13:29 GMT +319 September 2019
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    A policeman investigates a burned out car in the suburb Rinkeby, outside Stockholm, on February 21, 2017. Several cars was set in to fire after a riot in Rinkeby. The turmoil started when the police was going to arrest a man in the area

    Extreme Conditions, Extreme Responses: Sweden Mulls Using Army in Ghettos

    © AFP 2019 / Fredrik SANDBERG / TT News Agency
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    In recent years, Sweden has repeatedly placed itself at the top of various ratings of well-being. This apparent prosperity, however, might be questioned by the recent proposal by the Conservative Party to insert the military into the Nordic country's burgeoning ghettos to counter rampant crime, lawlessness and gangland violence.

    In a recent bill submitted to the Swedish Parliament, a number of Conservative MPs requested to introduce combat troops into some of the country's most notoriously blighted areas, where the police have been proven unable to uphold law and order.

    "In some parts of our country, Swedish law does not apply," reads the bill submitted to the Swedish Parliament and signed by about 20 Conservatives. The bill also features a list of the country's most notorious no-go zones, such as Rosengård, Tensta, Rinkeby, Husby and others.

    "These areas are controlled by criminal gangs, who are armed and commit heavy crimes. Many young people in these areas look up to these gangs and rely on them as an alternative to work and education to make a career. These gangs will continue expanding area by area until someone finally stops them. It's necessary that something must be done immediately," the bill read further.

    According to the Conservatives, this adverse trend may be broken by allowing the Swedish military, including UN-trained soldiers, to take over some of the police's duties in the vulnerable areas, such as maintaining public order and surveillance tasks. The idea is to free up the police, which would allow them to put more resources into investigating crimes, seizing gang leaders and stopping the proliferation of gangland crime.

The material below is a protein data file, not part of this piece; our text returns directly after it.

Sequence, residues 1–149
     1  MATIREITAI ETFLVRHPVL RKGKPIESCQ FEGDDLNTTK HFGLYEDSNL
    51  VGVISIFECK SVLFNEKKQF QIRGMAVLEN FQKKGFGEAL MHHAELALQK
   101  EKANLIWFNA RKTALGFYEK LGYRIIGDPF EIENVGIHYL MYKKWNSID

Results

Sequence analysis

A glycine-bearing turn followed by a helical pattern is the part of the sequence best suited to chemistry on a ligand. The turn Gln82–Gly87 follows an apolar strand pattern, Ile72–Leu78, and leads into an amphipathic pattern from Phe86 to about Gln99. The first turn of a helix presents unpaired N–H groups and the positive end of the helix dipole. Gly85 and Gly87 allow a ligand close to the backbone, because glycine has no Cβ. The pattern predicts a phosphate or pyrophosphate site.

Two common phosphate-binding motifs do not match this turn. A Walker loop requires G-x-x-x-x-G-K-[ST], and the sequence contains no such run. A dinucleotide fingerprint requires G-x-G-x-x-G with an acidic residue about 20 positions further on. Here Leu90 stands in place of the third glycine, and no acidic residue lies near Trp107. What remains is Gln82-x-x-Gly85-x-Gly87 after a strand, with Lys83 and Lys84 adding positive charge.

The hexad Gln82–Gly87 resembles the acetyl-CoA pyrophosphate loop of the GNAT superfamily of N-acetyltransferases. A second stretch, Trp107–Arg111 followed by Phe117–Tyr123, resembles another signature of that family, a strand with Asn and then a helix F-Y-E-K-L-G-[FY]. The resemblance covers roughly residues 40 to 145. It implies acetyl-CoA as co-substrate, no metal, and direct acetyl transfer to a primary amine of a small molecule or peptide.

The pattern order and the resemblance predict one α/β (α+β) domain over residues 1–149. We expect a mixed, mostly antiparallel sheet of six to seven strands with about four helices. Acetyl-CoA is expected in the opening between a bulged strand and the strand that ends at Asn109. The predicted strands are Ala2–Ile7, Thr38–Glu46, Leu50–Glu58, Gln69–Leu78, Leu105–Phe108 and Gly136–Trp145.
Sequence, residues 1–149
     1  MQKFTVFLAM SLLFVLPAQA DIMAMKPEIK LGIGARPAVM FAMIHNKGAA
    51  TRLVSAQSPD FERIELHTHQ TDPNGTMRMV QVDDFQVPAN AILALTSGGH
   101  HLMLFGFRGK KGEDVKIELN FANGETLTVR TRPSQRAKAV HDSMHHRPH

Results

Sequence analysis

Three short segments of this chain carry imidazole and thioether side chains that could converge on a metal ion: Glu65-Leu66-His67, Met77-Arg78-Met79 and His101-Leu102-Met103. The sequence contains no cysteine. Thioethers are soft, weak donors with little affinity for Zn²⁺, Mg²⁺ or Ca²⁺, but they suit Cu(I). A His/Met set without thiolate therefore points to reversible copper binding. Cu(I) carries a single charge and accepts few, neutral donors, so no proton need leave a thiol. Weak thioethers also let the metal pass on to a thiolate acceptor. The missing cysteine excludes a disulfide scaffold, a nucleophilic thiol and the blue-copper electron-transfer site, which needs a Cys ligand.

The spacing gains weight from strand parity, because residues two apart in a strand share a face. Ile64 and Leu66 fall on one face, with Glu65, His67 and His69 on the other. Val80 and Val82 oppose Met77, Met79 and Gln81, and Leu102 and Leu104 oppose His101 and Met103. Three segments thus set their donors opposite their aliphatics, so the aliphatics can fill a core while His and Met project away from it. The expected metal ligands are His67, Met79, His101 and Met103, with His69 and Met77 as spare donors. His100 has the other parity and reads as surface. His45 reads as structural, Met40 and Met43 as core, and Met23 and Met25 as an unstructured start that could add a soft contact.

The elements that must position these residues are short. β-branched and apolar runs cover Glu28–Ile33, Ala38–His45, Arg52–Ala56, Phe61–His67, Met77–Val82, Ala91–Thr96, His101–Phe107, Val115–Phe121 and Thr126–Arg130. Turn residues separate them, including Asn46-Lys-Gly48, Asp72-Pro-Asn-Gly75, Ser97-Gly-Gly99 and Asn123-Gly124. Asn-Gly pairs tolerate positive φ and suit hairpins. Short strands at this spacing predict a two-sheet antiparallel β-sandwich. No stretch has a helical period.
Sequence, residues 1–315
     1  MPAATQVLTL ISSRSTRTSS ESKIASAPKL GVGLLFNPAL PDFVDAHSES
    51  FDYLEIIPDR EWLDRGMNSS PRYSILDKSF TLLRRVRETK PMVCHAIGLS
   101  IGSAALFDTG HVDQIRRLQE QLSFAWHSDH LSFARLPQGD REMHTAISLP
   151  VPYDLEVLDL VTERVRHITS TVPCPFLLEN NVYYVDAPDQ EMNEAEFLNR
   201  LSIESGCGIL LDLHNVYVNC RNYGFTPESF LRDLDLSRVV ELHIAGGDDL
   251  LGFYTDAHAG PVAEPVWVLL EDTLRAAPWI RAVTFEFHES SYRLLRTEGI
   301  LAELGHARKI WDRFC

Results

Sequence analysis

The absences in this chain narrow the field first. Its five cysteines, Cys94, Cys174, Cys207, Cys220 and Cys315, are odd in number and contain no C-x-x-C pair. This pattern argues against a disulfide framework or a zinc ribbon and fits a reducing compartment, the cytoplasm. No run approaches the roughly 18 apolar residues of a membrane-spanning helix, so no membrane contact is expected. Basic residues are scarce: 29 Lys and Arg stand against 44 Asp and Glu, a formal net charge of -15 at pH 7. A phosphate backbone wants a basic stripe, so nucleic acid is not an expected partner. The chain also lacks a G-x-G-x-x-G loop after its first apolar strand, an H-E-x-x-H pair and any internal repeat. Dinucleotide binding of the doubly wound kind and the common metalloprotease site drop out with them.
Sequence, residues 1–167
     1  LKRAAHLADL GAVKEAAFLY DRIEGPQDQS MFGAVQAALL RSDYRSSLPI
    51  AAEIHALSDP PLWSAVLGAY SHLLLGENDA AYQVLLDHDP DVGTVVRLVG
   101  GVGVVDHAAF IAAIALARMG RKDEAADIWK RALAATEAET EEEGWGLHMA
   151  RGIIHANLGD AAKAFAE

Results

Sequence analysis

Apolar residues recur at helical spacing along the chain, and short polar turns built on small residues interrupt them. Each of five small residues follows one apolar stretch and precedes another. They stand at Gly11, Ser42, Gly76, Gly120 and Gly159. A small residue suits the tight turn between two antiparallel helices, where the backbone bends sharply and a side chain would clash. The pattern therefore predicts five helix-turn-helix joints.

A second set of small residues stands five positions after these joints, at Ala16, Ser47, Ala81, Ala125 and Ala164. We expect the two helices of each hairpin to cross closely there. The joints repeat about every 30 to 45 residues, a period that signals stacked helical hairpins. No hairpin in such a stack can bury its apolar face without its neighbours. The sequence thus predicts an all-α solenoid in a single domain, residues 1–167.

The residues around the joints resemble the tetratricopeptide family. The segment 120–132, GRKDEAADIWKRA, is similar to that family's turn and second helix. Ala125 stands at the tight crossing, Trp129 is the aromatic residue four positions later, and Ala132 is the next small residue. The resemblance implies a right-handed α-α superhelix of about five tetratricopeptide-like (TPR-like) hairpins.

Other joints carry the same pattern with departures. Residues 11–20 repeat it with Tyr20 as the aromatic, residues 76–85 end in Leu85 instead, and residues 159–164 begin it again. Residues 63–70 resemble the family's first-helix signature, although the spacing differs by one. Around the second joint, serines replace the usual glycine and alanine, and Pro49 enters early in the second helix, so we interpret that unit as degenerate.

Conservative MP Mikael Cederbratt, one of the signatories, wrote on his blog that Sweden is virtually "at war."

    "It's absolutely imperative to do something, because these gangs are like cancerous tumors in our country's tissue. My absolute opinion is that we, the nation of Sweden, must declare war on gangland crime. And when at war, you use all of the society's resources," Mikael Cederbratt wrote.

    "We read daily about shootings and violence. Now we want to check whether it is possible to strengthen the security in these areas with the help of the military," Conservative MP Annicka Engblom from the city of Karlskrona told the local newspaper Blekinge Läns Tidning.

    However, this proposal has been seen as far too radical by members of the Conservative Party itself. Jimmy Baker, Conservative group leader in the town of Botkyrka, Greater Stockholm area, argued that using the military was a step too far.

    "The bill is not serious. You might get the feeling it's pure wild west there, with people running around and shooting each other," Jimmie Baker told the local news outlet Stockholm Direkt. According to him, there are problems indeed, but nothing that coordinated efforts by police and security companies could not solve.

    Meanwhile, the entire area of Northern Botkyrka has been classed as a particularly vulnerable area by the police. In the last two years alone, the number of police officers in the municipality has more than doubled. Erik Åkerlund, a local police area manager in Botkyrka, argued that the police could handle the situation on their own.

    "We will continue to recruit and grow more every day and cooperate with other bodies tasked with fighting organized crime," Erik Åkerlund said, ruling out the necessity of military reinforcements.

    Incidentally, inhabitants of Hallunda-Norsborg, yet another notoriously "exposed area," have mixed feelings about the Conservatives' proposal.

    Twenty-one-year-old Hussein Amar admitted that although cars get burned down and it might be unsafe to go out in the evenings, it was still better to instead bring more police to the area. Fellow Hallunda native Dragica Borkovic argued that it would "feel like an outright war," with the military present in the streets. Solveig Nilsson, on the other hand, said the community was very insecure, citing widespread drug trafficking, among other things. Nevertheless, she argued that a military presence would feel "terrible" in modern Sweden, Stockholm Direkt reported.

    ​In Sweden there's been a restrictive view on the use of the military in police operations since the demonstration in Ådalen in 1931, where five people were shot dead by the military deployed to quell the uprising in the sawmill district.

    Earlier this year, a rather gloomy police report suggested that at least 5,000 criminals and 200 criminal networks were lurking in the country's 61 ghettos (or "exposed areas" to use the Swedish police's politically correct jargon). In Stockholm alone, the number of shootings has gone up by a record 43 percent over the past three years alone, the Swedish police reported in September.

    Meanwhile, the police force across the country keeps shrinking, as more officers choose to resign to protest low wages, too demanding routines and numerous occupational hazards. During the first half of 2017 alone, Sweden lost 609 policemen, Swedish Radio reported in August.

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    Tags:
    police, military aid, criminal gang, gang violence, crime, ghettos, Scandinavia, Sweden
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